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Court Upholds School-Finance System in Ohio

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An Ohio appeals court has ruled that the state's school-finance system is constitutional, saying lawmakers, not judges, should make decisions about school funding.

"The taxpayers of this state should rise up in righteous indignation," said Judge W. Don Reader in his concurring opinion, "and tell all the parties in this case to take their truckloads of paper and solutions, if any, to where it would do the most good: the General Assembly of the state of Ohio."

The 2-1 decision by the three-judge panel will be appealed to the state supreme court, according to a spokesman for the coalition of 500 school districts that filed the original suit against the state in 1991. Lawyers for the coalition had argued successfully in a lower court that Ohio students get an inadequate education because schools are underfunded by the state. (See Education Week, July 13, 1994.)

Gov. George V. Voinovich hailed the Aug. 30 ruling that overrode the earlier decision. He had warned that court intervention would have forced the state to increase taxes dramatically.

The appellate decision "is a grand slam for the taxpayers of Ohio," Mr. Voinovich, a Republican, said in a written statement. "I am happiest for the taxpayers of Ohio, who today have avoided a court-ordered, multibillion-dollar tax increase."

But William L. Phillis, the executive director of the coalition that sued the state, said the appeals judges' analysis of the case was full of holes.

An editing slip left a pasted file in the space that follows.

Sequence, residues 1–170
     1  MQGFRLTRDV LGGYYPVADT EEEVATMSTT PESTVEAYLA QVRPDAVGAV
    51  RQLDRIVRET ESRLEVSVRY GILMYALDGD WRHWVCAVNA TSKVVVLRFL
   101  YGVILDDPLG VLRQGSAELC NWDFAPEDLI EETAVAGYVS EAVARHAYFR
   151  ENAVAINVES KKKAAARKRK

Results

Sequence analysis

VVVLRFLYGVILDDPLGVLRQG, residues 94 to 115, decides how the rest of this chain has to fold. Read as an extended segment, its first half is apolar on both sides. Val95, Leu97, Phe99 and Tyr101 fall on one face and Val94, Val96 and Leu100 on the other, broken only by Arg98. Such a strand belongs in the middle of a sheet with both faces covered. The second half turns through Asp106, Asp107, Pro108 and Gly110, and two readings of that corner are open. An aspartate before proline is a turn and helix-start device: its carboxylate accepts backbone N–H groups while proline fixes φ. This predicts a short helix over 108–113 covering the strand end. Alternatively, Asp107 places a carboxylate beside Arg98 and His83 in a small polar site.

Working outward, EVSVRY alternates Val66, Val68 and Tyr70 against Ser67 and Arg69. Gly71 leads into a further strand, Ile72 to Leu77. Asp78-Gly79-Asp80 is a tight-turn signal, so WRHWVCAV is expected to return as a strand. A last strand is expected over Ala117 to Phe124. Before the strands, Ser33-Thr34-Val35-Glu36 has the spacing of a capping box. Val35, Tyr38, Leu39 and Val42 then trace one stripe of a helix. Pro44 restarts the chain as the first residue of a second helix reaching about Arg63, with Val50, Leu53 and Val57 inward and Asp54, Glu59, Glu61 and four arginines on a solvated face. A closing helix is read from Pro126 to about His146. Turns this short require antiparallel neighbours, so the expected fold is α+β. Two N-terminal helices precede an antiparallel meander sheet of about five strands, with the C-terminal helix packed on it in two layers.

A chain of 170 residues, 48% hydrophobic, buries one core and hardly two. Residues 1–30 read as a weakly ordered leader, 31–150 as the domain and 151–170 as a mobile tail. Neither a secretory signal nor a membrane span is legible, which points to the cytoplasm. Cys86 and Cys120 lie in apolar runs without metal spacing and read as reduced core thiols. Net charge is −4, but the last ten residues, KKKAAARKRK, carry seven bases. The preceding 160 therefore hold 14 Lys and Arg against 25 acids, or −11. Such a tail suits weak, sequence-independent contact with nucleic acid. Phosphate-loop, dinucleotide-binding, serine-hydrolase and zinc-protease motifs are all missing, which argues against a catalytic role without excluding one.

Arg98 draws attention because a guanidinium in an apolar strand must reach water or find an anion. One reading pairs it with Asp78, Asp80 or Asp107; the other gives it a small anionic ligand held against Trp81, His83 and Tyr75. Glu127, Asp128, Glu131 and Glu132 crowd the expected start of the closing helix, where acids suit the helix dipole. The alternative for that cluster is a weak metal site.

"It was almost as if they resented this matter even coming before their court," Mr. Phillis said. "They just bucked it on up to the supreme court without giving it much thought at all."

16 Years Later

The high court does not have to accept the case for review, but school funding has become such a contentious issue in the state that the seven-judge court is expected to take it up.

The state Senate this year passed a plan to shift some school funds from wealthier districts to poorer ones, but the bill did not clear the House.

In 1979, the last time the state supreme court heard a school-finance suit, it ruled that Ohio's schools provided a "thorough and efficient" education, as required by the state constitution.

The appeals court in its decision declared that little has changed in school conditions or funding in the 16 years since that ruling.

The funding formula today is more fair and "assures that all districts have funding to meet the basic standards," said Judge John W. Wise, who wrote the majority opinion.

"It would appear the issue for the General Assembly to decide is whether insufficient funds exist or whether the existing funds are inefficiently used in the operation of the schools," he said.

Judge W. Scott Gwin dissented from the majority opinion and noted what he called the poor condition of K-12 education facilities in the state as proof that schools are underfunded.

"The Ohio Constitution mandates that the legislature raise sufficient revenue ... to provide a thorough and efficient system of schools," he said. "Ohio's schools are not thorough and efficient."

Some state leaders, however, argued that the legislature in recent years has increased school spending dramatically. Within a year, state aid will average $3,500 per pupil, close to the $4,000-per-pupil level recommended by the state school board, said Sen. Cooper Snyder, the chairman of the Senate education committee.

"We'll probably be at $4,000 before the supreme court even decides on this case," he said.

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